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Speech Tips from The Early Learning Institute
By Diane Wolfe, Speech and Language Pathologist

Bubble Time - a Fun Way to Develop Speech Skills
Summer is a great time of year to get outside and blow bubbles! And bubbles can encourage speech development in a fun way!

  1. Encourage your child to try blowing and popping them and say “POP” and “Bubbles” while playing.
  2. Ask your child to pop the bubbles with different parts of their body and say the word like “Foot”, “Knee” or “Elbow”.
  3. Put the lid back on the container and hand it to your child so they have to make a request to ask for help, open or say more words to be able to play again.

Try these activities to help your child explore language through “hands-on” activities!

  1. Squirt a small amount of shaving cream on the kitchen table and drive small cars through it and make “Vrooom” sounds.
  2. Draw or sing “Wheels on the Bus” song which drawing with your fingers in the shaving cream making circles for wheels, and up and down for the windows opening and shutting and encourage your child to imitate your movements and speech.
  3. Add jello powder for texture or coloring and have your child identify the colors!

Encouraging Speech and Language through Art Activities
Does your child enjoy art activities? If so, here are some suggestions on speech and language development you can try while they are involved in an art project.

  1. Offering Choices – When using art materials, offer your child choices of 2 items. For example, “Do you need the red or blue paint?”, “Do you want the glue or scissors?” Sometimes a child is more inclined to answer when given a choice. Get some stickers out and let them decorate their picture, making choices of which sticker they want next,” Do you want the car or the bear?”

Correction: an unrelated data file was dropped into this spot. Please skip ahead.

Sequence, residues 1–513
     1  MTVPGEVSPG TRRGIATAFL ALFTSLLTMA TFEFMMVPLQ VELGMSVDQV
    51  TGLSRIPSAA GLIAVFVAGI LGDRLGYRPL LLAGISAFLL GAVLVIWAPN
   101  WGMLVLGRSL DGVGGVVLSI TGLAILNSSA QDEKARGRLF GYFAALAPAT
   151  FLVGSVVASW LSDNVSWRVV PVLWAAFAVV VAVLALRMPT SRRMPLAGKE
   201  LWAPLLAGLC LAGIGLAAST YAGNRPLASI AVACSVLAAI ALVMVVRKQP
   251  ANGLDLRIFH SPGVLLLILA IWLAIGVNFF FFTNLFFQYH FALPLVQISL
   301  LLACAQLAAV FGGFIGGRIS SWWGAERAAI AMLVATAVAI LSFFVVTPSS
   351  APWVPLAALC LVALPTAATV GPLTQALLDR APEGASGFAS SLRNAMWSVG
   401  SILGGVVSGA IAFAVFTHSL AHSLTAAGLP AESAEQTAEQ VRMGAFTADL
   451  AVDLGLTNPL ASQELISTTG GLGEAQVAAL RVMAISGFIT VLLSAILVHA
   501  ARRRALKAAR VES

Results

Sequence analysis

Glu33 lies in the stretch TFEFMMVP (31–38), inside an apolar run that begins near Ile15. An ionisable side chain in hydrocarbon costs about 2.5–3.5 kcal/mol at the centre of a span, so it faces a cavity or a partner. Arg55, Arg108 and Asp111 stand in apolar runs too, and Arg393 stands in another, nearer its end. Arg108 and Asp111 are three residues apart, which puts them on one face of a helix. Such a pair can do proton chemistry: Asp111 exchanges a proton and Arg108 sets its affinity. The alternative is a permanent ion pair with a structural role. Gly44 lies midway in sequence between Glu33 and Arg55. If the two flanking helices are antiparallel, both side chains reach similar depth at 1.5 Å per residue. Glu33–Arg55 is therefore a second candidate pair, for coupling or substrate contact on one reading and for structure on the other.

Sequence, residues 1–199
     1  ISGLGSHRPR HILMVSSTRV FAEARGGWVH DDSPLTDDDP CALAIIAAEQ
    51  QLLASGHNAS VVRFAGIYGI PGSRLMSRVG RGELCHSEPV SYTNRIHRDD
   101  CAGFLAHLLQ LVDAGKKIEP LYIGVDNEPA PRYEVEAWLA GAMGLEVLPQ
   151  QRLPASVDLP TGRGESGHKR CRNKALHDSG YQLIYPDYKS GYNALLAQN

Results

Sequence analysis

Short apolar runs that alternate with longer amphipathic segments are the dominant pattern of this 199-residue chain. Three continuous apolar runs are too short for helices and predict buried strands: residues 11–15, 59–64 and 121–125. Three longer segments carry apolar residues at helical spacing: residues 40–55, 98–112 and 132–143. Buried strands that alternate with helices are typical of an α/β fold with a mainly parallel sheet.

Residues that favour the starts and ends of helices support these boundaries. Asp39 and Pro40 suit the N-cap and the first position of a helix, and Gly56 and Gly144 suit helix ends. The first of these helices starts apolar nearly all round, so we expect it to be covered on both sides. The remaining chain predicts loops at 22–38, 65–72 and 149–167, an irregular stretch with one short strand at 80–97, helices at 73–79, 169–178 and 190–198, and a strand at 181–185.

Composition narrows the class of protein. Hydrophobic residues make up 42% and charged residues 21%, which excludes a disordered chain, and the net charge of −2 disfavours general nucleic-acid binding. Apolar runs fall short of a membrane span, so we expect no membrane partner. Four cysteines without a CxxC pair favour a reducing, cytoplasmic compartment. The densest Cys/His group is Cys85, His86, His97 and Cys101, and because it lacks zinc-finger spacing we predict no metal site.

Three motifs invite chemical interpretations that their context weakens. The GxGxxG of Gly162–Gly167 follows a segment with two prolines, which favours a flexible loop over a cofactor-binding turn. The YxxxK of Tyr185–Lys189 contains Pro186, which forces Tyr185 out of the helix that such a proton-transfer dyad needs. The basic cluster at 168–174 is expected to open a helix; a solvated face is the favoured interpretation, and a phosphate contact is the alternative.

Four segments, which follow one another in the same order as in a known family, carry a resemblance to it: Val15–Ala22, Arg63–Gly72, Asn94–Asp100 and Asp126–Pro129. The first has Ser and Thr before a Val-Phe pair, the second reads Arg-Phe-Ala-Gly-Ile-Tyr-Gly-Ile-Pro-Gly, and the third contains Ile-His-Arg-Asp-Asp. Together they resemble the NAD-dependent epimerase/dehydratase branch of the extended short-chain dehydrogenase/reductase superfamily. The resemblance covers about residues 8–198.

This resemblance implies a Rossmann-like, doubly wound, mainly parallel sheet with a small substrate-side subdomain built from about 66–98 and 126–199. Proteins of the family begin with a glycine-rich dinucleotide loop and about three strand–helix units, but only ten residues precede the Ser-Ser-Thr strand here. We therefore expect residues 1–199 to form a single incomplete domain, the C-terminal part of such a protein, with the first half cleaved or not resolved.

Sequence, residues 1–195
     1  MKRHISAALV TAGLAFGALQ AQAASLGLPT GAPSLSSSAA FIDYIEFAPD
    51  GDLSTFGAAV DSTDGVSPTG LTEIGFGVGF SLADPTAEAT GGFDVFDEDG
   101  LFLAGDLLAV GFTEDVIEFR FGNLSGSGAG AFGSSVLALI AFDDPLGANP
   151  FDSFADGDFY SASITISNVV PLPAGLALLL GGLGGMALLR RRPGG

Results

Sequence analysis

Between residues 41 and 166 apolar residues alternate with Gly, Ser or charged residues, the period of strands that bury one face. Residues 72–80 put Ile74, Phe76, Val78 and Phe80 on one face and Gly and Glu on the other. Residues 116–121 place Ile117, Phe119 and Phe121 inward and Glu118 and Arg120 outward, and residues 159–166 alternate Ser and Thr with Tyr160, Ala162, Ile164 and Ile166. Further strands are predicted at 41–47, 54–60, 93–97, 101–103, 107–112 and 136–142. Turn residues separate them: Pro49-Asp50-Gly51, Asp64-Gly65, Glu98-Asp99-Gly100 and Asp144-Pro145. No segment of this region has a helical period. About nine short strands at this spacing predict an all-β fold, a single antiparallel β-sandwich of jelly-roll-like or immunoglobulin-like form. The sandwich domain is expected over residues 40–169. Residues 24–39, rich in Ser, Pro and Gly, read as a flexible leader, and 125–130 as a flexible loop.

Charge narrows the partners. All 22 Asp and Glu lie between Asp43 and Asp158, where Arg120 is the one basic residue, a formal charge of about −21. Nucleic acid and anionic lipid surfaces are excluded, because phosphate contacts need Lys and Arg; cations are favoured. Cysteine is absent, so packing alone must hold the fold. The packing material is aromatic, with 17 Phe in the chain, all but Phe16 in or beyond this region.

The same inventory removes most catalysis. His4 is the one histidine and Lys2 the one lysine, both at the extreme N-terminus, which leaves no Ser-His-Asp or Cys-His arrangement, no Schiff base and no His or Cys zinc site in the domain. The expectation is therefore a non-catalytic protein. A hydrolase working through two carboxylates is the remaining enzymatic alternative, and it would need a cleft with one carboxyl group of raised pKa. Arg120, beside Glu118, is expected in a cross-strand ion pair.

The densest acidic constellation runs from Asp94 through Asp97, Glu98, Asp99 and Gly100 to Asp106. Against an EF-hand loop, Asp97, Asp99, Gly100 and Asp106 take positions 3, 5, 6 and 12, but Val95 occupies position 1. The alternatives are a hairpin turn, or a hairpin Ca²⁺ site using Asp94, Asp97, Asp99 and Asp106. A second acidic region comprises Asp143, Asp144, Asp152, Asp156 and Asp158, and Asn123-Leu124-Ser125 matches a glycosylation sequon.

2. Action Words – A lot of children know nouns such as people, places, things, their Mom, Dad, siblings’ names, or their favorite toys. Often children are missing verbs, or action words from their vocabulary. Art is a great way to incorporate those words. When playing with playdoh, imitate the child’s actions or play beside the child and show them a new action. Take little figurines and let them “jump” and “walk” making footprints in the playdoh. Roll cars through the playdoh making tire tracks and model “go” and “stop”.
  3. Puppet Role Playing - Make tongue depressor puppet of your family members, friends and pets by cutting their faces out of a photograph and pasting them on the end of a popsicle stick or tongue depressor. Place the opposite end of the stick into a ball of play dough for a base if needed. Encourage your child to talk ‘for” the puppets and “to” the puppets. Make up a story with all the family members included and make motions acting out the story.

The Early Learning Institute is an early intervention provider with over 60 years of experience. Find more activities for you and your child at www.telipa.org.

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